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This question already has an answer here:

Is it correct, that if the passenger checks in a suitcase - but never shows up at the gate - they have to take the suitcase off the plane before take-off?

Is this a regulatory issue - or is it a company policy?

Edit: I was asking in general, but if an answer requires specifics... :) In this case it was RyanAir flying Malta to UK. They were delayed so much, that it was no longer possible to make the connecting flight (separate booking), but refused to remove the suitcase from the airplane, so my girlfriend could just leave and catch a better flight tomorrow. This surprised me, as I have always heard and believed they will take your suitcase off the plane if you don't show up at the gate.

marked as duplicate by blackbird, Gayot Fow, chx, Community Apr 1 '16 at 10:39

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    In what country and with what airline? It can vary with both! – Gagravarr Mar 31 '16 at 12:06
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    You might want to narrow this down to smaller geographical regions and/or airlines. – JoErNanO Mar 31 '16 at 12:25
  • @Kjensen I think your original question and your edit diverge into two separate things: 1) do they need to unload the suitcase 2) how to retrieve the suitcase in case one decides not to fly. Maybe you should align the two things or ask a new separate question for the latter. – mts Mar 31 '16 at 12:38
  • When I had separate bookings, the reason I missed the second is that both airlines refused to transfer the bag and I had to wait an hour for it in baggage claim. – WGroleau Mar 31 '16 at 16:34
  • More or less adding to others comments AND a comment on RA. | You can expect them to take it off. If it's Ryan Air you can also expect them to be rude and unhelpful and to charge you anything they reasonably can and as much as they unreasonably can that they can get away with. | Ryan AIr have their place and I have flown with them and still would BUT be prepared for worst case stuff to "just happen", NEVER give them a chance to even just maybe cause you to be too late at check in such that it would be "your fault". Prefer Ryan over Tiger if there is ever a choice. – Russell McMahon Apr 1 '16 at 10:47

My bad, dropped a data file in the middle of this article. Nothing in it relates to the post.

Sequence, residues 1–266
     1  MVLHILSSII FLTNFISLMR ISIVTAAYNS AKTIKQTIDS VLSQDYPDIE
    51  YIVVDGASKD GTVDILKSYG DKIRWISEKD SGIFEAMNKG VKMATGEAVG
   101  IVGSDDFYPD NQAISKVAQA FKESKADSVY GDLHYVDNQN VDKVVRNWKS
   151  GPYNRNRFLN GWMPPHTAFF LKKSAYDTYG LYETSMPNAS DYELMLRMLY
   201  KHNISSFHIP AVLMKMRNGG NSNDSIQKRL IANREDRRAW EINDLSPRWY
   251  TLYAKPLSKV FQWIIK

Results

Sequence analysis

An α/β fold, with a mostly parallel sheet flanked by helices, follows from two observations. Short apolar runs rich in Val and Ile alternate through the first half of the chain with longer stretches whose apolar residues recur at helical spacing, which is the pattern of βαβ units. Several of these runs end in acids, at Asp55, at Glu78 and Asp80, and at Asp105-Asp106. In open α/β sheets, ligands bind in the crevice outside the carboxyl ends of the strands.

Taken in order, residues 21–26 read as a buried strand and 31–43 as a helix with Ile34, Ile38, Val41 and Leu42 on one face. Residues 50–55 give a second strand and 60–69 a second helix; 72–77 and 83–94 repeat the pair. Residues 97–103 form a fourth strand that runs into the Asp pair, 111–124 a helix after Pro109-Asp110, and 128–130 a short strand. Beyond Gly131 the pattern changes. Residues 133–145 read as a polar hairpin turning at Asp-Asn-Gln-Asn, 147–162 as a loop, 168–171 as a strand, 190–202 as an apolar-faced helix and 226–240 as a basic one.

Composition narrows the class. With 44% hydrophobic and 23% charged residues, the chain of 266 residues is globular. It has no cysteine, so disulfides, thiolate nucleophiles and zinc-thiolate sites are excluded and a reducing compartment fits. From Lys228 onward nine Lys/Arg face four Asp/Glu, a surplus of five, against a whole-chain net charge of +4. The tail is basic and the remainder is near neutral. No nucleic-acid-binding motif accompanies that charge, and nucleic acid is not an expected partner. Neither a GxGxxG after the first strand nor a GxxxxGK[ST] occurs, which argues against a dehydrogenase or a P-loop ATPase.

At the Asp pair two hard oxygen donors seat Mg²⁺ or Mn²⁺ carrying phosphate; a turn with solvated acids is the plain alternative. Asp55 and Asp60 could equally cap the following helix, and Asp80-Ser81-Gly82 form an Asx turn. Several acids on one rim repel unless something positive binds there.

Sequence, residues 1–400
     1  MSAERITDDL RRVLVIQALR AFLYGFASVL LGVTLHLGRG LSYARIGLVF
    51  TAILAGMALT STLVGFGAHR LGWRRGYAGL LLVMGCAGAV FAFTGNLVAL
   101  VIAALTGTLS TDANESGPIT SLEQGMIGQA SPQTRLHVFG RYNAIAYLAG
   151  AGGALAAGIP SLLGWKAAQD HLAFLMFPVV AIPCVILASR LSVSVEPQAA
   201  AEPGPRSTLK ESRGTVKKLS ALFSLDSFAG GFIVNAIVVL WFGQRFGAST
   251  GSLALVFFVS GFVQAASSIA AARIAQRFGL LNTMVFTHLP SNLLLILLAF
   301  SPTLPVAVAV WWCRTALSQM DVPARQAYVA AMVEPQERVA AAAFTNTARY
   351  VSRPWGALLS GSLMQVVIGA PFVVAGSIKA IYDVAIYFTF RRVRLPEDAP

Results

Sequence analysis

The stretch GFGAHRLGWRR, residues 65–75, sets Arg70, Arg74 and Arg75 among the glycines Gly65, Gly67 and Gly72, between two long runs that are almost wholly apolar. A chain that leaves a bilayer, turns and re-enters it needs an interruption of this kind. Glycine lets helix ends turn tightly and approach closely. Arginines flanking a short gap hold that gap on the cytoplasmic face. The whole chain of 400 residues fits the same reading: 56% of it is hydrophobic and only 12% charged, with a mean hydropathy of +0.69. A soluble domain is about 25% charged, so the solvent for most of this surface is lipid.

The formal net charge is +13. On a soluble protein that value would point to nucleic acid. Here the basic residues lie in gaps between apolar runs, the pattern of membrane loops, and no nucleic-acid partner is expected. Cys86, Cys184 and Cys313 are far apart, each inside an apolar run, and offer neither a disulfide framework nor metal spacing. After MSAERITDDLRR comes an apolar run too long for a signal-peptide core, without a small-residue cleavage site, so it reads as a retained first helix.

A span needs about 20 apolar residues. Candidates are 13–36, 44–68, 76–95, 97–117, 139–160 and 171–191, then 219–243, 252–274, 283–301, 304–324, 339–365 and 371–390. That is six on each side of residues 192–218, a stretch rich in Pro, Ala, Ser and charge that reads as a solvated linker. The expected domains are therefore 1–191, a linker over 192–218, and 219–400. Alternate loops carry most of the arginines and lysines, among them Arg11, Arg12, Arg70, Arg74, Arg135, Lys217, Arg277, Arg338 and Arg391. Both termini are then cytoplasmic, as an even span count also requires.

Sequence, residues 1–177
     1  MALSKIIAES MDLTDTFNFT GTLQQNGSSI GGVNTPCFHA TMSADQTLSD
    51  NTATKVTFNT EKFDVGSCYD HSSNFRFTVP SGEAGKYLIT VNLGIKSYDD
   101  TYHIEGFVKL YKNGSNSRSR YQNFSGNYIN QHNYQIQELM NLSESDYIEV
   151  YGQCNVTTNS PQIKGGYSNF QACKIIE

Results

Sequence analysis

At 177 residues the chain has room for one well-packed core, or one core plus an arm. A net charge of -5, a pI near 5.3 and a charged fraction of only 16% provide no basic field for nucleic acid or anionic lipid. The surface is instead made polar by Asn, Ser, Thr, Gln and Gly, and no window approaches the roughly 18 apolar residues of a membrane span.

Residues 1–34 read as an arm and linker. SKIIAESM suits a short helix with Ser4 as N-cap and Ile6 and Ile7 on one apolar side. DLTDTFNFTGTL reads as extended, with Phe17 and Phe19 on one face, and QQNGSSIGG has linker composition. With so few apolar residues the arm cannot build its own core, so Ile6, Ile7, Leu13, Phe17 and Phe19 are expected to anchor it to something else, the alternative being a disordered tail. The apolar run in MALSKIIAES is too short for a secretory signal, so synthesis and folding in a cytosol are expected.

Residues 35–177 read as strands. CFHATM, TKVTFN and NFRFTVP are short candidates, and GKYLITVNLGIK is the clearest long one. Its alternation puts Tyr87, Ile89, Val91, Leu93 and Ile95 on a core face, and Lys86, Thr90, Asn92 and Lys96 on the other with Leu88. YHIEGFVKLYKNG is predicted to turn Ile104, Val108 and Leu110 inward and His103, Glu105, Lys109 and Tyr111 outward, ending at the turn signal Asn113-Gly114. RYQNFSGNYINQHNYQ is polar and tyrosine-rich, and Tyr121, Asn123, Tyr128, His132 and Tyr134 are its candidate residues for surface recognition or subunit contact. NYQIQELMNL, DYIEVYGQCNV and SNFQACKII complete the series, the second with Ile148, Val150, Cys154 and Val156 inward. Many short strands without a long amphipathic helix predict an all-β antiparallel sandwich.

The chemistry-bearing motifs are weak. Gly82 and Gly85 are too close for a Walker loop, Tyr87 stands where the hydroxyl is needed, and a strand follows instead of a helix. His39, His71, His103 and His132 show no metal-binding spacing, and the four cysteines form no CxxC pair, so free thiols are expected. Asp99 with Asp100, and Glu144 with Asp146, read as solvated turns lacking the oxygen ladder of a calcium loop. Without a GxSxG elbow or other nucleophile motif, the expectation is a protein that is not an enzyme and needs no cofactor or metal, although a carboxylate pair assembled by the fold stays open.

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In Europe, the question is covered by Regulation EC 300/2008. Annex I, section 5.3 reads

Baggage reconciliation

  1. Each item of hold baggage shall be identified as accompanied or unaccompanied.
  2. Unaccompanied hold baggage shall not be transported, unless that baggage has been either separated due to factors beyond the passenger’s control or subjected to appropriate security controls.
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    The beyond the passenger's control bit it quite important; after all there are regular unaccompanied pieces of baggage flying: those which did not manage to board the same plane as their owners (notably due to tight correspondences) and are following via a later plane. – Matthieu M. Mar 31 '16 at 16:56
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This rule was instituted after the Lockerbie bombing. Pan Am flight 103 was a multileg flight from Frankfurt to Detroit, via London and New York. There was an aircraft change at London. A passenger, booked to travel from Frankfurt to Detroit, loaded a suitcase bomb onto the first aircraft at Frankfurt and he himself travelled with it as far as London. At London he deplaned and left the airport; but his luggage was automatically transferred to the next flight as he was booked through to Detroit. The bomb detonated over the Scottish town of Lockerbie, killing all aboard and eleven on the ground.